Hospitalized mechanically ventilated patients are at higher risk of enteral underfeeding than non-ventilated patients.

Details

Serval ID
serval:BIB_52064E556FCE
Type
Article: article from journal or magazin.
Collection
Publications
Title
Hospitalized mechanically ventilated patients are at higher risk of enteral underfeeding than non-ventilated patients.
Journal
Clinical Nutrition
Author(s)
Kyle U.G., Genton L., Heidegger C.P., Maisonneuve N., Karsegard V.L., Huber O., Mensi N., Andre Romand J., Jolliet P., Pichard C.
ISSN
0261-5614 (Print)
ISSN-L
0261-5614
Publication state
Published
Issued date
2006
Peer-reviewed
Oui
Volume
25
Number
5
Pages
727-735
Language
english
Notes
Publication types: Journal Article ; Research Support, Non-U.S. Gov'tPublication Status: ppublish
Abstract
BACKGROUND & AIMS: Enteral nutrition (EN) is the preferred method of nutrition support in hospitalized patients but only 50-90% of the required calories are actually delivered. In order to identify where our nutrition support team (NST) should focus its activity, we prospectively evaluated the level of coverage of energy and protein needs during the first 5 days of EN in intensive care unit (ICU) and non-ICU patients and the relationship of energy and protein coverage with serum albumin, transthryretin, insulin-like growth factor-1 (IGF-1) and C-reactive protein (CRP).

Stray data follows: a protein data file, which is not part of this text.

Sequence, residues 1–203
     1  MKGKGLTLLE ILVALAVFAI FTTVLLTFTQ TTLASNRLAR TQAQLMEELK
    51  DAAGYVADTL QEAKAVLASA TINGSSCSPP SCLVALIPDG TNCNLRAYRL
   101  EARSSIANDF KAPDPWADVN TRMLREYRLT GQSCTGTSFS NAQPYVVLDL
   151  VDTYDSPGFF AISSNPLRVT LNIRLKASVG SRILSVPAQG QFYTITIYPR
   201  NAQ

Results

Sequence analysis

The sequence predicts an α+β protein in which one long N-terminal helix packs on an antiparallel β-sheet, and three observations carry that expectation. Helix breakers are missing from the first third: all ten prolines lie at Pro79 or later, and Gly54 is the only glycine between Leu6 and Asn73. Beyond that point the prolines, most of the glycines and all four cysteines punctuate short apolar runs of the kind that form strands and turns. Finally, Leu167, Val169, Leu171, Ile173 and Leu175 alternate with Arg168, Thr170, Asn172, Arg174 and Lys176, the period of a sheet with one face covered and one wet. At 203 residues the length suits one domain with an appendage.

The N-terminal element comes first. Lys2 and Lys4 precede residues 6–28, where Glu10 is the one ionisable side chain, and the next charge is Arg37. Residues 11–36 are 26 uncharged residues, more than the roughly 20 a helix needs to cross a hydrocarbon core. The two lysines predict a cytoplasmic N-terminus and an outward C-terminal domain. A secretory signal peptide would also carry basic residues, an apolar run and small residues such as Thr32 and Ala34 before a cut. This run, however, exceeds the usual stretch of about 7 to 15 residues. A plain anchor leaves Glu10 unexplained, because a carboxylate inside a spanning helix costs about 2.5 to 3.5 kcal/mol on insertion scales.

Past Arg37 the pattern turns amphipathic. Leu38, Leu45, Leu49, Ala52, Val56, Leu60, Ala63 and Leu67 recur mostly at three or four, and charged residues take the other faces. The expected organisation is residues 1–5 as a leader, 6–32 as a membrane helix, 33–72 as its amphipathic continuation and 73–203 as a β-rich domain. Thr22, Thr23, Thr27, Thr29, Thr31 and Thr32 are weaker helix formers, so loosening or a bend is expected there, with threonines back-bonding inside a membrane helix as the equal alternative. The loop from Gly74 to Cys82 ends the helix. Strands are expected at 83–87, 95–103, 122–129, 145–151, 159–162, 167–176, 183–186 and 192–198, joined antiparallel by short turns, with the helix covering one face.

METHODS: Subjects (n=183) who required nutrition support and received EN were prospectively recruited. Calorie prescription was 20 and 25, 25 and 30 kcal/kg BW for women and men 60 years and <60 years, respectively. Protein needs were estimated as 1.2g protein/kg BW. Logistic regression analysis was used to estimate odds ratios (OR) for energy and protein delivery 66.6% and <66.6% and albumin, transthryretin, IGF-1 (low vs. normal) and CRP (high vs. normal) in ventilated vs. non-ventilated patients.
RESULTS: Significantly more mechanically ventilated than non-ventilated patients received <66.6% of energy (71% vs. 48%) and protein (96% vs. 65%). The ventilated patients were more likely to be energy (OR 2.1, CI 1.1-4.0) and protein (OR 15.7, CI 4.9-50.8) underfed than non-ventilated patients. There was a significant association on day 5 between low protein delivery and low albumin (OR 2.9, CI 1.3-6.5), low transthyretin (OR 3.0, CI 1.4-6.5), low IGF-1 (OR 2.8, CI 1.2-6.7) and high CRP (OR 3.5, CI 1.6-7.8).
CONCLUSIONS: The energy and protein needs of hospitalized patients are not met during the first 5 days of EN. Ventilated patients are more likely to be energy and protein underfed than non-ventilated patients and to have low plasma protein level. These findings support our decision to intensify EN monitoring by our NST in ventilated patients to optimize their nutritional coverage.
Keywords
Aged, C-Reactive Protein/metabolism, Confidence Intervals, Dietary Proteins/administration & dosage, Energy Intake, Enteral Nutrition/standards, Female, Humans, Insulin-Like Growth Factor I/metabolism, Male, Middle Aged, Nutritional Requirements, Odds Ratio, Prealbumin/metabolism, Prospective Studies, Respiration, Artificial, Risk Factors, Serum Albumin/metabolism
Pubmed
Web of science
Create date
27/06/2013 14:14
Last modification date
20/08/2019 14:07
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